The highest and lowest, representing all ranks, engage in this kind of initial colonization. Our present Prime Minister, a “younger son,” went out in his youth,—as others of his class have done,—with his pickaxe, to Australia, to rank for a time among “diggers,” until called home by the death of the elder son, the heir to the title and estate. This necessity and this taste for wandering and exploring has helped in some degree to page: 140 form the independence of character of our men, and also to strengthen rather than to weaken the ties of affection and kinship with the Motherland. Many men, “nobly born and gently nurtured,” have thus learned self‐dependence, to endure hardships, and to share manual labour with the humblest; and such an experience does not work for evil. Then when communities have been formed, some sort of government has been necessitated. An appeal is made to the Mother Country, and her offspring have grown up more or less under her regard and care, until self‐government has developed itself.

The great blot on this necessary and natural expansion is the record (from time to time) of the displacement of native tribes by force and violence, when their rights seemed to interfere with the interests of the white man. Of such action we have had to repent in the past, and we repent more deeply than ever now when our responsibilities towards natives races have been brought with startling clearness before those among us who have been led to look back and to search deeply into the meanings of the present great “history‐making war.”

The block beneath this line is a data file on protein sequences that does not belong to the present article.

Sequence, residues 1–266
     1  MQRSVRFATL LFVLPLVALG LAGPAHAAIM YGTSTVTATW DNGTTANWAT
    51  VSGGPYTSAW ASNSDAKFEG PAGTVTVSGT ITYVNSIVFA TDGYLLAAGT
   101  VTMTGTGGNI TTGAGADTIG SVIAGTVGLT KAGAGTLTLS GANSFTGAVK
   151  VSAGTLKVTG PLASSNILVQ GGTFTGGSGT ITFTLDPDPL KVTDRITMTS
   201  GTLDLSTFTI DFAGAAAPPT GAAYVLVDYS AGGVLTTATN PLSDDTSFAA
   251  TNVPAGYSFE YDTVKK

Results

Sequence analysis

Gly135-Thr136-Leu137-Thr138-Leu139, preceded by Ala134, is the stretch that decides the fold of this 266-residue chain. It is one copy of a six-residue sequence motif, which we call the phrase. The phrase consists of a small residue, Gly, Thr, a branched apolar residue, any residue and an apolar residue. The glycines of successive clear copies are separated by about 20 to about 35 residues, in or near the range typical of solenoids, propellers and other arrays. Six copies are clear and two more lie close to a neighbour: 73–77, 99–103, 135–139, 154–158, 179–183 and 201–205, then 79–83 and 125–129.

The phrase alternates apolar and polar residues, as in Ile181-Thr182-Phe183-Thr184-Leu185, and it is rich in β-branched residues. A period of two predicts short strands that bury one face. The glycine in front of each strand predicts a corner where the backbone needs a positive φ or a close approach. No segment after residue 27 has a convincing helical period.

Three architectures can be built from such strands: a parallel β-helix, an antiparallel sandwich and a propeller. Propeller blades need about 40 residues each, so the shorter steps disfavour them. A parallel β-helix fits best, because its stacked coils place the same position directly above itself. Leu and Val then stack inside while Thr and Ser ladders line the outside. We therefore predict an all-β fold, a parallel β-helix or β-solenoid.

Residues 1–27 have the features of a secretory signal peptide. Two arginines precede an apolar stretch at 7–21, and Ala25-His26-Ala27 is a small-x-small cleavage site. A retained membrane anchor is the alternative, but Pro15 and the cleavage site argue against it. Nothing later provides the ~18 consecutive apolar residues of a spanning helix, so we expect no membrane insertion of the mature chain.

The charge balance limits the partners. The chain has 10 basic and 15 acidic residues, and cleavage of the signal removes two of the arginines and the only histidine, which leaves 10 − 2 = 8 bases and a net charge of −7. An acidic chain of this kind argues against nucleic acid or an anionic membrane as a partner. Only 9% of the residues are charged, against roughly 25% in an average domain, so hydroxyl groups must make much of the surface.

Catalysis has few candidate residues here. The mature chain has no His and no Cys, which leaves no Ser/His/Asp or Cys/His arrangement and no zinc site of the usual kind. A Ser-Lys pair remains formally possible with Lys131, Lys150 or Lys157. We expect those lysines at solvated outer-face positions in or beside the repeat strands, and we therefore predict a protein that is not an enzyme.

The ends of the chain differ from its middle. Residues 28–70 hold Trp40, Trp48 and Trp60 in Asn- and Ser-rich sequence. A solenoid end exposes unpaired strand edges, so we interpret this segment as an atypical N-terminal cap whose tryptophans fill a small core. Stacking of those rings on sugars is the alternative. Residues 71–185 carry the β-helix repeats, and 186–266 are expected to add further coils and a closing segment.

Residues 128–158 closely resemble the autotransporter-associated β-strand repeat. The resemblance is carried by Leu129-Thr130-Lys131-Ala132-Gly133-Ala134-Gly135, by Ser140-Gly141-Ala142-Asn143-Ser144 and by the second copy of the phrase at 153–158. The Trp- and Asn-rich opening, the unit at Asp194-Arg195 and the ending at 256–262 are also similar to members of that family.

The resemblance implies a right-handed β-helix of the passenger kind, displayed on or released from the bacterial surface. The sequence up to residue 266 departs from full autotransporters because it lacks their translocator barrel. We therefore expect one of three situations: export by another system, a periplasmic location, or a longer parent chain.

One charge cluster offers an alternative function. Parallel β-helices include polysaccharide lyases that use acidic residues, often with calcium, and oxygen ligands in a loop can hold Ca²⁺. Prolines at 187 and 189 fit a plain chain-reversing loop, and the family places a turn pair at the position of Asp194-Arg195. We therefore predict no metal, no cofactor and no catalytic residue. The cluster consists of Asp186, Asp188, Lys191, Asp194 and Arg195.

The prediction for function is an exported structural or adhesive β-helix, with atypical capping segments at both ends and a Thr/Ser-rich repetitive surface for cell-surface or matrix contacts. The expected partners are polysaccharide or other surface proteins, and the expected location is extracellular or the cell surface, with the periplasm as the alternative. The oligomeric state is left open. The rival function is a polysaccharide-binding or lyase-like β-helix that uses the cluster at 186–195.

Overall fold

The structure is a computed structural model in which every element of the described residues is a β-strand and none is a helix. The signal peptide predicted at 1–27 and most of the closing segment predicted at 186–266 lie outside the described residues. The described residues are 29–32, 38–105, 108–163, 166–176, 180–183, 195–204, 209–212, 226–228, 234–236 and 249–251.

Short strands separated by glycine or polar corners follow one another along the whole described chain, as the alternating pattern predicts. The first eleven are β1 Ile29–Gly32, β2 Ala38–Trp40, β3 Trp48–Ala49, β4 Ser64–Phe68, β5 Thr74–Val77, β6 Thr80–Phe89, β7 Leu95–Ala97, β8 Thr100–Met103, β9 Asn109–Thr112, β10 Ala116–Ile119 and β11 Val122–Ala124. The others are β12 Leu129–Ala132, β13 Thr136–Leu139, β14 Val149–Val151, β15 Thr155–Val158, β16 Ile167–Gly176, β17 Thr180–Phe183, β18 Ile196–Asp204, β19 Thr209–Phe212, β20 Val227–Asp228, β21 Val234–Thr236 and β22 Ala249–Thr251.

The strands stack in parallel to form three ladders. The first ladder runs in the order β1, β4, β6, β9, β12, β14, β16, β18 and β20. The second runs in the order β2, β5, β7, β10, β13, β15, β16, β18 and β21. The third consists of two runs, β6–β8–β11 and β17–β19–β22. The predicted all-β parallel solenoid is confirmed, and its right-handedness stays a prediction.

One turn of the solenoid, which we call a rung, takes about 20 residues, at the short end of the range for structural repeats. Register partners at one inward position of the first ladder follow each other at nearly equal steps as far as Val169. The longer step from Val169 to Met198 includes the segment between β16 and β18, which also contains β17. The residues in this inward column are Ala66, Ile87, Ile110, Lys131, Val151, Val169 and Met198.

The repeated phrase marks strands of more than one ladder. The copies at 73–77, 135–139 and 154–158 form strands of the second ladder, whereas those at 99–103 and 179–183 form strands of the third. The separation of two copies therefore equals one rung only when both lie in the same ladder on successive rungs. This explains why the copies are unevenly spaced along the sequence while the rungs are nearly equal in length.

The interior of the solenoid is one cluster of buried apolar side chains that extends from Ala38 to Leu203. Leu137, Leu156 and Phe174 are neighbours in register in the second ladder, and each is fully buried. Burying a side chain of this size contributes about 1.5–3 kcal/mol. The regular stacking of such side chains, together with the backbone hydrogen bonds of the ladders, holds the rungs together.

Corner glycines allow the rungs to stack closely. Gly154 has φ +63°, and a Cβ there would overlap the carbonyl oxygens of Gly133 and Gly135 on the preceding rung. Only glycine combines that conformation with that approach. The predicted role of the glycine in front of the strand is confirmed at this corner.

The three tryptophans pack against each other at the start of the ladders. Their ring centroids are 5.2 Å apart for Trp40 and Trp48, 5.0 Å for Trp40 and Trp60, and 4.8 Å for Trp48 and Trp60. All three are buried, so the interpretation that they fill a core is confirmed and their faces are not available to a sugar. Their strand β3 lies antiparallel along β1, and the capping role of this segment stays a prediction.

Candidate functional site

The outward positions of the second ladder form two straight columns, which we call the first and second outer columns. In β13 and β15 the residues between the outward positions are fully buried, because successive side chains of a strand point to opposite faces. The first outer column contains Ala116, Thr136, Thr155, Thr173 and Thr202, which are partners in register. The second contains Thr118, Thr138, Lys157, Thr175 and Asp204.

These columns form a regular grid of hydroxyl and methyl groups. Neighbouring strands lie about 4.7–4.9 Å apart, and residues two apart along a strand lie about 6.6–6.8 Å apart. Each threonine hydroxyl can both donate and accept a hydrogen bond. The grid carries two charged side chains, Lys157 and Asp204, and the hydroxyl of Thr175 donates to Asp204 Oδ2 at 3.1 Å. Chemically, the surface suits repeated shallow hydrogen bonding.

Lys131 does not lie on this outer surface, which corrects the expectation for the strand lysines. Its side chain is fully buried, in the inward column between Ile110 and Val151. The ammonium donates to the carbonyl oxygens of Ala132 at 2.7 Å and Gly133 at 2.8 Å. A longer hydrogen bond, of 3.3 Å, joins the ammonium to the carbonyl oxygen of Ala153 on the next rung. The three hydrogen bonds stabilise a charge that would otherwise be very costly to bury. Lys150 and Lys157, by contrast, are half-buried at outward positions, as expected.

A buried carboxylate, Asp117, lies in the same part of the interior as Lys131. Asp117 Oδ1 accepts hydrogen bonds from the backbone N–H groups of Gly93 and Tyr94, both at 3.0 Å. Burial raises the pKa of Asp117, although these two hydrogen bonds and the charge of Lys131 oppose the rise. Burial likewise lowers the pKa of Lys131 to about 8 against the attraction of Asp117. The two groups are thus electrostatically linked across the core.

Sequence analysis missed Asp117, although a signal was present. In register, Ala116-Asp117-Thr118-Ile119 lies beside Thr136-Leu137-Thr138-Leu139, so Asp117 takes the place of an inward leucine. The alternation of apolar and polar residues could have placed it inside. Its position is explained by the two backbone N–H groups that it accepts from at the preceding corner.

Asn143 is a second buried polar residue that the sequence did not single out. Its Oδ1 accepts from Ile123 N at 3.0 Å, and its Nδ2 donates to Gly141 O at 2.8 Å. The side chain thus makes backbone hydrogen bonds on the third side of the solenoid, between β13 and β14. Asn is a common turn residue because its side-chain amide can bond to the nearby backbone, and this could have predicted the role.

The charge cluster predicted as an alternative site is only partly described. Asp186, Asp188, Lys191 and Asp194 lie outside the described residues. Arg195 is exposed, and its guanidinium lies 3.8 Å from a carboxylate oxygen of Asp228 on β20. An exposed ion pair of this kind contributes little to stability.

The personality of Paul Kruger stands out mournfully at this moment on the page of history. Mr. FitzPatrick wrote of him in 1896, as follows:—

L’Etat c’est moi, is almost as true of the old Dopper President as it was of its originator; for in matters of external policy and in matters which concern the Boer as a party, the President has his way as completely as any anointed autocrat. To anyone who has studied the Boers and their ways and policy .... it must be clear that President Kruger does more than represent the opinion of the people and execute their policy: he moulds them in the form he wills. By the force of his own strong convictions and prejudices, and of his indomitable will, he has page: 141 made the Boers a people whom he regards as the germ of the Afrikander nation; a people chastened, selected, welded, and strong enough to attract and assimilate all their kindred in South Africa, and thus to realize the dream of a Dutch Republic from the Zambesi to Cape Town.